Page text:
People sometimes procrastinate about certain responsibilities, and they fail to take action because they do not really know how they should proceed. This enters the picture when it comes to planning ahead for the eventualities of aging.
In fairness, when you are going through the different stages of life, your senior years can seem like they are a world away. However, time does fly, and before you know it, matters that are of interest to senior citizens may become quite relevant to you.
If you are looking for information about the eventualities that you may face during your elder years, you may want to discuss the future with an elder law attorney. These legal professionals are dedicated to the interests of seniors, and you should certainly act in an informed manner so that you can brace yourself for some of the challenges that elders often face.
In this paper, we will provide you with a bit of basic information as we provide a question-and-answer exchange. You can obtain comprehensive answers to these questions if you set up a consultation with a licensed elder law attorney in your area.
Will my retirement needs be met by Medicare and Social Security?
It is true that most people will qualify for Medicare and Social Security. You obtain eligibility through the accumulation of retirement credits. In 2016, you get one credit for every $1260 that you earn, and you can earn up to four credits in a year. Once you have 40 credits assigned to you, you will qualify for these programs when you reach the respective eligibility ages.
We are using “ages” in the plural because the eligibility age for Medicare is different than the eligibility age for Social Security. Everyone who is qualified becomes eligible for Medicare at the age of 65. Depending on the year of your birth, you will qualify for your full Social Security benefit when you are between 66 and 67 years of age under currently existing laws.
These benefits will help, but the answer is no, all of your needs are probably not going to be met by Medicare and Social Security. The average Social Security payout is only $1341 a month for an individual in 2016, and the average for a couple when both people are receiving a benefit is $2212.
This amount of money is not going to get you on many cruises during your golden years, so you should certainly take steps to develop a nest egg and some added sources of income.
When it comes to Medicare, there are out-of-pocket expenses to contend with for covered treatments and services. These would include deductibles, co-payments, and monthly premiums.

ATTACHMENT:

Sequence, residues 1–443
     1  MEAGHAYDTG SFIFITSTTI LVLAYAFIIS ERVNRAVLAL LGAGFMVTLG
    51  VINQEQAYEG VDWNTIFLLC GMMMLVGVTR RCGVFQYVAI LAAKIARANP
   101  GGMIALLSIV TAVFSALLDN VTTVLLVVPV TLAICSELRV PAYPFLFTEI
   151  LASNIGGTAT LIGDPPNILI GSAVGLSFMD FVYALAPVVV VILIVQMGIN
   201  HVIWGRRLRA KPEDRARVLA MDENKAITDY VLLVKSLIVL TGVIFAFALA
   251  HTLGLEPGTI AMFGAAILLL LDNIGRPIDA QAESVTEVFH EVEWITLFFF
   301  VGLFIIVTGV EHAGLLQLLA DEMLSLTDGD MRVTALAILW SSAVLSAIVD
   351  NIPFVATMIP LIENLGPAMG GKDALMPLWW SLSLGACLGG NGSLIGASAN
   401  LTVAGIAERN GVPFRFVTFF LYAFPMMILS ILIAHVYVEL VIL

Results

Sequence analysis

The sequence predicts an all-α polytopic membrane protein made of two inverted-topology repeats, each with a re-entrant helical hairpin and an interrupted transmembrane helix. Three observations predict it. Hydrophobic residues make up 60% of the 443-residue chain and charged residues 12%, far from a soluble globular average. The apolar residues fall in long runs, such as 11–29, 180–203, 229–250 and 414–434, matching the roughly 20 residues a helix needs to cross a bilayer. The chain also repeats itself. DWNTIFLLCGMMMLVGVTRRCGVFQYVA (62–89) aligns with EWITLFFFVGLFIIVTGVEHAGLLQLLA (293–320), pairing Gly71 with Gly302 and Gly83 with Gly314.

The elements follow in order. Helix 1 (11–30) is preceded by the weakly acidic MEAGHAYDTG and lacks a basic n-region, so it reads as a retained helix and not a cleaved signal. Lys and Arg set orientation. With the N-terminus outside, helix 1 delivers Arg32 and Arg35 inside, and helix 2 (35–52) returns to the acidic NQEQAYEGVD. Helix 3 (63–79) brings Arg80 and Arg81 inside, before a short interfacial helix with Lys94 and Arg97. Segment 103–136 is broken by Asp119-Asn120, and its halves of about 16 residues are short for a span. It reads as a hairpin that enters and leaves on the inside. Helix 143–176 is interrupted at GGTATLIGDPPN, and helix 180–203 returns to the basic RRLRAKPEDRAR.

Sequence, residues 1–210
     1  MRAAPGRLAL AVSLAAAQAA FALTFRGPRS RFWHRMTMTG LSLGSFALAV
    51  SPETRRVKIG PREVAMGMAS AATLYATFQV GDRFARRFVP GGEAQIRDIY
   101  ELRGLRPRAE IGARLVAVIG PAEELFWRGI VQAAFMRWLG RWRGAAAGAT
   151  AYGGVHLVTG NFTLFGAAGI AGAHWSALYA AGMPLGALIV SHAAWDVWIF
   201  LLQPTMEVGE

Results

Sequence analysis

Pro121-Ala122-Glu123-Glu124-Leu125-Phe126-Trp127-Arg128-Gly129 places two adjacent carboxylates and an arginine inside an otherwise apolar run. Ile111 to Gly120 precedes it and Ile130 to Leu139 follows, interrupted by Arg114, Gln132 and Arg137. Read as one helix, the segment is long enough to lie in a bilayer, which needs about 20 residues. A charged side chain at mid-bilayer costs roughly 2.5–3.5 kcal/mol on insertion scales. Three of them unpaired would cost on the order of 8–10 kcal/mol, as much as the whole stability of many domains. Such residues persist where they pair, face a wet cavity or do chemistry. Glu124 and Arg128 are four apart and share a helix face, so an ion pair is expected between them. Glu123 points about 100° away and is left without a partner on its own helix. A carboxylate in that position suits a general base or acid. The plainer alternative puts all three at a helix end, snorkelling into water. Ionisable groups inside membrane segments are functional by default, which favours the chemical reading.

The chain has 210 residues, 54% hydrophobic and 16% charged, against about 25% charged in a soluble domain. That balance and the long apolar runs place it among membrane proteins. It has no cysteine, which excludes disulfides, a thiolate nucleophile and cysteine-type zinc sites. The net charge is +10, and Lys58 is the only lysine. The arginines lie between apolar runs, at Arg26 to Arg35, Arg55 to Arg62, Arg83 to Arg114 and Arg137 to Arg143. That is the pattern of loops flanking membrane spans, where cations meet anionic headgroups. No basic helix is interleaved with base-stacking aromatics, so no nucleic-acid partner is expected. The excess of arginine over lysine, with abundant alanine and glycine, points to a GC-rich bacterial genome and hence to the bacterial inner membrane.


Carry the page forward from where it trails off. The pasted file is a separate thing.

Does Medicare pay for long-term care?
The answer to this question is a resounding no. Medicare does not pay for nursing home care, because it is considered to be custodial care rather than medical or convalescent care.
Are nursing homes very expensive?
That would depend upon your definition of expensive, but most people would say yes. In the state of Connecticut where we practice law, the median charge for a year in a nursing home is just over $160,000, and people often spend multiple years receiving nursing home care.
Is there any government assistance available to people who need long-term care?
Medicaid is the solution for many people. This is a government health insurance program that does pay for long-term care, but it is intended for people who have very limited financial resources. There is a $2000 limit on countable assets.
As a response, people often give gifts to their loved ones before they apply, but it takes careful planning to do this effectively.
Advance planning is important because there is a five-year look-back period. If you give gifts to your loved ones to get personal property out of your own name to qualify for Medicaid, you have to completely gift giving at least five years before you apply.
If you violate this rule, your eligibility is delayed. The duration of the delay would be determined based on the amount of the divestitures as they compare to nursing home costs in Connecticut. For example, if you gave away enough to pay for one year of nursing home care, your eligibility would be delayed by one year.
Schedule a Consultation With an Elder Law Attorney
If you would like to have your own question and answer session with a licensed elder law attorney, we are standing by to help. Our firm offers no obligation consultations, and we can get to know you and answer any questions that you may have.
To set up an appointment, call us at 860-548-1000 or send us a message through our contact page.